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The Serotonin and PMS Relationship Discussed — an article on the Smart Living Network
January 10, 2009 at 1:38 PMComments: 0 Faves: 0

The Serotonin and PMS Relationship Discussed

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Serotonin

Serotonin is a neurotransmitter produced by specific neurons of the central nervous system (CNS). A neurotransmitter is a chemical messenger within your body. Within the central nervous system, the neurotransmitter serotonin has been associated with emotional regulation including aggression, anger, appetite, body temperature, mood, sexuality, and sleeping patterns. As serotonin has effects on many parts of the brain; its activation is associated with many therapeutic modulating factors.

Serotonin Re-Uptake Inhibitors (SSRIs)

Serotonin re-uptake inhibitors (SSRIs) are clinical class of antidepressant drugs used for the treatment of premenstrual syndrome, anxiety disorders, chronic pain, depression, and personality disorders.

Serotonin and PMS: The Connections

The use of serotonin re-uptake inhibitors is directly correlated with decreased overall signs and symptoms of premenstrual syndrome, typically within days of starting treatment. The exact connections between serotonin and PMS remain unknown. However, there is a common correlation between certain symptoms of PMS including, depression, anxiety, mood swings, food cravings, and insomnia, that are associated with low levels of serotonin. One study has linked estrogen with the responsibility of slowing the degradation of serotonin. Premenstrual syndrome is typically accompanied by low levels of estrogen. These studies have all been preliminary, and more research is necessary to determine the exact mechanisms by which serotonin inhibits these symptoms.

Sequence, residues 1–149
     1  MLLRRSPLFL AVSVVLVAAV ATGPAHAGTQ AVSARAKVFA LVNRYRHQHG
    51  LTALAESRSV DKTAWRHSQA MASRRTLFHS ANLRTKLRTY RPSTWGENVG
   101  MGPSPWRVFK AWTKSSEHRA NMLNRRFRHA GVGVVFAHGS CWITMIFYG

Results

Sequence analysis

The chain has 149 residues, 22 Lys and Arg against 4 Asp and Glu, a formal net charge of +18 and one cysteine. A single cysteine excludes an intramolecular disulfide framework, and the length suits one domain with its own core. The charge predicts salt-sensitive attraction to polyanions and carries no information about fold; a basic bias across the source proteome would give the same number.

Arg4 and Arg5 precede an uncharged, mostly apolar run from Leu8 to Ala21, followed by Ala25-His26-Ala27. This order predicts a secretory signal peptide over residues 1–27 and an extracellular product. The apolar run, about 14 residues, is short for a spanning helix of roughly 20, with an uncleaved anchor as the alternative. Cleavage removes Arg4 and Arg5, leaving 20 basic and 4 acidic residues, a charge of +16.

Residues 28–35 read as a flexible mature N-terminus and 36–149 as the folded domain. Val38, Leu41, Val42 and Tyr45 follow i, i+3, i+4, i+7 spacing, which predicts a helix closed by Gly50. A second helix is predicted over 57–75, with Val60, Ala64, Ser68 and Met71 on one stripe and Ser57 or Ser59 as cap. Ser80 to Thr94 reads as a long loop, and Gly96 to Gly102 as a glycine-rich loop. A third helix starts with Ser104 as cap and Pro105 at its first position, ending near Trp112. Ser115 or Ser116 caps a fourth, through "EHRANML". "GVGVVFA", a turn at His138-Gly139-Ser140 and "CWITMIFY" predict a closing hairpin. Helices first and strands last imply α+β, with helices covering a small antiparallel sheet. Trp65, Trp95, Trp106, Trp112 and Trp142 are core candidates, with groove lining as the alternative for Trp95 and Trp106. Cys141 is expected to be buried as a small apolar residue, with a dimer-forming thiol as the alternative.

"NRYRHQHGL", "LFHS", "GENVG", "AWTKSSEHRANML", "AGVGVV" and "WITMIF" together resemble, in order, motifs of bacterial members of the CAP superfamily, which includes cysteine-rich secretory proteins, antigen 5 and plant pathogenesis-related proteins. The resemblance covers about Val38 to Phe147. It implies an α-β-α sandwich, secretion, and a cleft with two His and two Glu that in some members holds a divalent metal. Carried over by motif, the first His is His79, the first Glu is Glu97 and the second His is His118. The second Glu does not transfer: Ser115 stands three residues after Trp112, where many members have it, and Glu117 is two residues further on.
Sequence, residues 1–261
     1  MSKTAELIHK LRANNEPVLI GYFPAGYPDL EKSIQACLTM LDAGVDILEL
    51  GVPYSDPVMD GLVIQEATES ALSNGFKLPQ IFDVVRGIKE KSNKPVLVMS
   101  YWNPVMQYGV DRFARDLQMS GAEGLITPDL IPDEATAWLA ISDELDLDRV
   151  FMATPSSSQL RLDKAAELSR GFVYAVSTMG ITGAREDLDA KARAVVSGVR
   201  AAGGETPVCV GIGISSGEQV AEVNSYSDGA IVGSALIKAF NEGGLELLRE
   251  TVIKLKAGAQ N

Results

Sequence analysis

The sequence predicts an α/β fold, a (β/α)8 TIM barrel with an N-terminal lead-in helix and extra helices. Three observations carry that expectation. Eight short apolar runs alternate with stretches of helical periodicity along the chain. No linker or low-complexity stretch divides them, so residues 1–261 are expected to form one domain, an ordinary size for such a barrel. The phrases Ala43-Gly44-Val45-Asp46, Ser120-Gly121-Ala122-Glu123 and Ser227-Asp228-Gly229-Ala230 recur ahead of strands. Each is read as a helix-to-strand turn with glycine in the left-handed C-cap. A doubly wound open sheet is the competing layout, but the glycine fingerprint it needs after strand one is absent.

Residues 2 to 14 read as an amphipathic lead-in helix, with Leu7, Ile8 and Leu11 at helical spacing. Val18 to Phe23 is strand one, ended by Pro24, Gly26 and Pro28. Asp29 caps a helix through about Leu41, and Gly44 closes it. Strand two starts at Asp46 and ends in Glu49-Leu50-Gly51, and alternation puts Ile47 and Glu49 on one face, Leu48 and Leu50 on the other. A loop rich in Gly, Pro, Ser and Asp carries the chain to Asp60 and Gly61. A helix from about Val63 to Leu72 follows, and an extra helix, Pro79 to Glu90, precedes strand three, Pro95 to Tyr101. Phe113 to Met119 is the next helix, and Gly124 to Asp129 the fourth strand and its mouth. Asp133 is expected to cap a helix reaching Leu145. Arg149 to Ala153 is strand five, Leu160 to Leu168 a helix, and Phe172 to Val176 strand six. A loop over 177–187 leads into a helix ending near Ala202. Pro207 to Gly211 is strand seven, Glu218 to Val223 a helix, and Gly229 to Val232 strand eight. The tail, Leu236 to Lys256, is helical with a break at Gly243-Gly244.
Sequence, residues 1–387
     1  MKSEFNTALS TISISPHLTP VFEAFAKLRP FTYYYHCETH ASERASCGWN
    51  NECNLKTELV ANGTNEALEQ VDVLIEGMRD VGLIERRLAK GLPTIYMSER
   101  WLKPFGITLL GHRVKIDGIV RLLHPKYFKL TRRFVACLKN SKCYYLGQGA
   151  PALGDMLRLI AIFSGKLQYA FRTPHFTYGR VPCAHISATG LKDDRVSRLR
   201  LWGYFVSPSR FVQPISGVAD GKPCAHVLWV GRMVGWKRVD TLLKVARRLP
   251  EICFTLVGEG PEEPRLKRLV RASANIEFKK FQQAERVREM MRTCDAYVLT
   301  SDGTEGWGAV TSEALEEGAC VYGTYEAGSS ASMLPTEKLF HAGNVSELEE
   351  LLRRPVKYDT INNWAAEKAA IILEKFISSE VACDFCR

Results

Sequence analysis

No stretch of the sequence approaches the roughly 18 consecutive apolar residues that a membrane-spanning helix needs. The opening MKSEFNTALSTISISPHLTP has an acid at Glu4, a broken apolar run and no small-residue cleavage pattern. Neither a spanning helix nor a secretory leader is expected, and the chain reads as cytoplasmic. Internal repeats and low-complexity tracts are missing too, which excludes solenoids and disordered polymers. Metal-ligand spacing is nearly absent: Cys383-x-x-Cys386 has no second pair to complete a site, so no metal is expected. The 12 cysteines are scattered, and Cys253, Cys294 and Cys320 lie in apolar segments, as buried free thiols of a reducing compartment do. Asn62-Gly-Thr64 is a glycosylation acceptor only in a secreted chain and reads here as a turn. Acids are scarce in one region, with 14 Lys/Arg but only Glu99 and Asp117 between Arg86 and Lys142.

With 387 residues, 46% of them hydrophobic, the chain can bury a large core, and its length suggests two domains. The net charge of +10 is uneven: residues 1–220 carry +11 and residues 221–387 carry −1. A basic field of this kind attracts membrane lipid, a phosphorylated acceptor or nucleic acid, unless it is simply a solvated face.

Serotonin Re-Uptake Inhibitors: How do they Work?

Put simply, the brain functions to send messages through the use of neurotransmitters, such as serotonin. These messages are passed through what is known as a synapse, where two nerve cells meet. Serotonin is naturally released by the body into neuronal synapses. Serotonin re-uptake inhibitors function to inhibit the re-uptake of serotonin. By inhibiting this re-uptake, the presence of serotonin in these neural synapses is extended. This increases the overall chances for serotonin to reach the serotonin postsynaptic receptors. It is associated that the stimulation of these receptors is responsible for the decrease in symptoms.

Side Effects: Serotonin Re-Uptake Inhibitors

There are many side effects associated with the use of serotonin re-uptake inhibitors. While side effects are typically common, most are not serious. However, this is only a short list of the most common side effects. There are more serious side effects including an increased risk for suicide, birth defects, and a serious condition known as serotonin syndrome.
  • Appetite Changes
  • Dizziness
  • Dry Mouth
  • Fatigue
  • Headache
  • Insomnia
  • Nausea
  • Nervousness
  • Rash
  • Sexual Difficulties
  • Tremors
  • Weight Gain
  • Weight Loss

Serotonin: Things to Think About

When deciding about any treatment option, it is necessary and critical to weigh the benefits versus risks and costs. It is also important to discuss these options with your physician. Do your homework and find out all you can about the different treatment options, and dont ever be afraid to ask questions. Another consideration that is important is the value and help that simple lifestyle and dietary changes can accomplish. It is also important to ask about certain drug interactions, as serotonin is known to interact with various other medications. Sources: http://women.webmd.com/pms/selective-serotonin-reuptake-inhibitors-ssris-for-pms-and-pmdd http://www.mayoclinic.com/health/premenstrual-syndrome/DS00134/DSECTION=6

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